Greg L. Lowhorn
It is often difficult to choose between quantitative and qualitative research design. At times, a researcher may choose a design because he or she is more familiar with one method or the other or a colleague recommends a particular design. However, our research will be more helpful if we make our decision based on well-considered, suitable design rather than simply choosing a design that is more familiar or comfortable to the researcher. The purpose of this paper is to introduce graduate students and new researchers to quantitative and qualitative research design and to help them choose the best method based on the type of information needed and analytical capability.
Quantitative Design & Analysis
Quantitative Research establishes statistically significant conclusions about a population by studying a representative sample of the population.1 The population consists of the entire group being studied. It does not matter if the population is broad or narrow, only that it includes every individual that fits the description of the group being studied.
Since it is impractical to conduct a census (include everyone in the population) because of constant turnover and resource constraints, a representative sample is chosen from the population. If chosen properly, the sample will be statistically identical to the population and conclusions for the sample can be inferred to the population.2
Quantitative research usually is one of two types: experimental or descriptive. Experimental research tests the accuracy of a theory by determining if the independent variable(s) (controlled by the researcher) causes an effect on the dependent variable (the variable being measured for change).3 Often, surveys, correlation studies, and measures of experimental outcomes are evaluated to establish causality within a credible confidence range.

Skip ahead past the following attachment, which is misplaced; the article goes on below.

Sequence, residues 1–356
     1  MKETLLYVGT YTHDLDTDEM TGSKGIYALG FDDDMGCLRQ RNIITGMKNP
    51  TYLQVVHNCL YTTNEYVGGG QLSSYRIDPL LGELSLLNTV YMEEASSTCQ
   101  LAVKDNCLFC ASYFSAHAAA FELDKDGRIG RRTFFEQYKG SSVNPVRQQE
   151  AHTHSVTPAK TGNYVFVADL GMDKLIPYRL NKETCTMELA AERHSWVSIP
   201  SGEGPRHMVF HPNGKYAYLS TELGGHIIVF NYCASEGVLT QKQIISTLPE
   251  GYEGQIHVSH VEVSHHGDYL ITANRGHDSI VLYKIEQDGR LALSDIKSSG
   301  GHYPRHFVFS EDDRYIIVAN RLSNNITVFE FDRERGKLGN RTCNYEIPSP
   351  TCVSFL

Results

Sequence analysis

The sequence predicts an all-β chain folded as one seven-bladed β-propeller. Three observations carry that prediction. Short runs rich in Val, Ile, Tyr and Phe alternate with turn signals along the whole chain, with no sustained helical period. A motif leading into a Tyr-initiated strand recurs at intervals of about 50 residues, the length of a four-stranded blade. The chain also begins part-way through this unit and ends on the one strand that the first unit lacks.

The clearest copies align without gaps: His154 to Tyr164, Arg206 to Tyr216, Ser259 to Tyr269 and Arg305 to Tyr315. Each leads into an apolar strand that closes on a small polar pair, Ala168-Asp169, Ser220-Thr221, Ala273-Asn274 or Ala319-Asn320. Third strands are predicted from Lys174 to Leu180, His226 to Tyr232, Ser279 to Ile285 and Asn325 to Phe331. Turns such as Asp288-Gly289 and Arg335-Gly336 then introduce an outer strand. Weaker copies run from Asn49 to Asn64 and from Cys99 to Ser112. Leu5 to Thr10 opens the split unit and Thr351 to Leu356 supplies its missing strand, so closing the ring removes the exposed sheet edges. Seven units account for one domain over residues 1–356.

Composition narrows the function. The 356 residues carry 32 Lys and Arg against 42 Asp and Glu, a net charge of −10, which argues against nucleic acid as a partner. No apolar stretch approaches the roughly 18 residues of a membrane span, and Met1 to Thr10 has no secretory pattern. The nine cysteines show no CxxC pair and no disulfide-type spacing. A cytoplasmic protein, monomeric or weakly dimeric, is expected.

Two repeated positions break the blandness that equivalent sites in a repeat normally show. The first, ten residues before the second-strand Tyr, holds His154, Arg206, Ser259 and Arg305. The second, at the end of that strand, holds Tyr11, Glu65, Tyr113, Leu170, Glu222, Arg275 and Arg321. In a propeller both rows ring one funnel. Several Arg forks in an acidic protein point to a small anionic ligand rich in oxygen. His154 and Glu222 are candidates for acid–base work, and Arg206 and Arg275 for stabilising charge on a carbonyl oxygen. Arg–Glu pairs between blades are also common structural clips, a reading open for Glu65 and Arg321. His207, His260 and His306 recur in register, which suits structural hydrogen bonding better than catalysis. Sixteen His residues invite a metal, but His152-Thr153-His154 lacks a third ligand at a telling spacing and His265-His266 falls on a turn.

Descriptive research measures the sample at a moment in time and simply describes the sample’s demography. Although this is not seen as a statistically robust or difficult exercise, a good description of the variables helps the researcher evaluate the statistical output in the proper context.4
Some researchers think that quantitative research is better than qualitative research at establishing causality because of the precise measurements and controlled environment of experiments; however qualitative studies can also be used to establish causality but with less external validity. Laboratory experiments are used when all extraneous variables need to be controlled so that the specific action and effect of the independent variable can be controlled. In addition, it may be important to be able to replicate the study and a laboratory setting makes these things possible. Field experiments are conducted when it is important to measure what the research element actually does, rather than what they say they will do. As can be seen with concept studies, what a person says they will do and what they actually do can be very different.5
Reliability and Validity
Reliability is the ability of separate researchers to come to similar conclusions using the same experimental design or participants in a study to consistently produce the same measurement.6 For example, a person who takes a risk toleration survey will achieve the same score regardless of whether he or she takes it in the morning or evening, in January or July, etc.
Validity refers to the ability of an instrument to measure what it is supposed to measure.7 If I conducted a survey to measure the degree of financial risk a person was willing to tolerate and the survey measured the respondent’s IQ instead, it would not be valid.
Internal Validity refers to the veracity of the study, how well it was constructed and run, accuracy of definitions and theories employed, accurate measurement of variables, and the researcher’s degree of confidence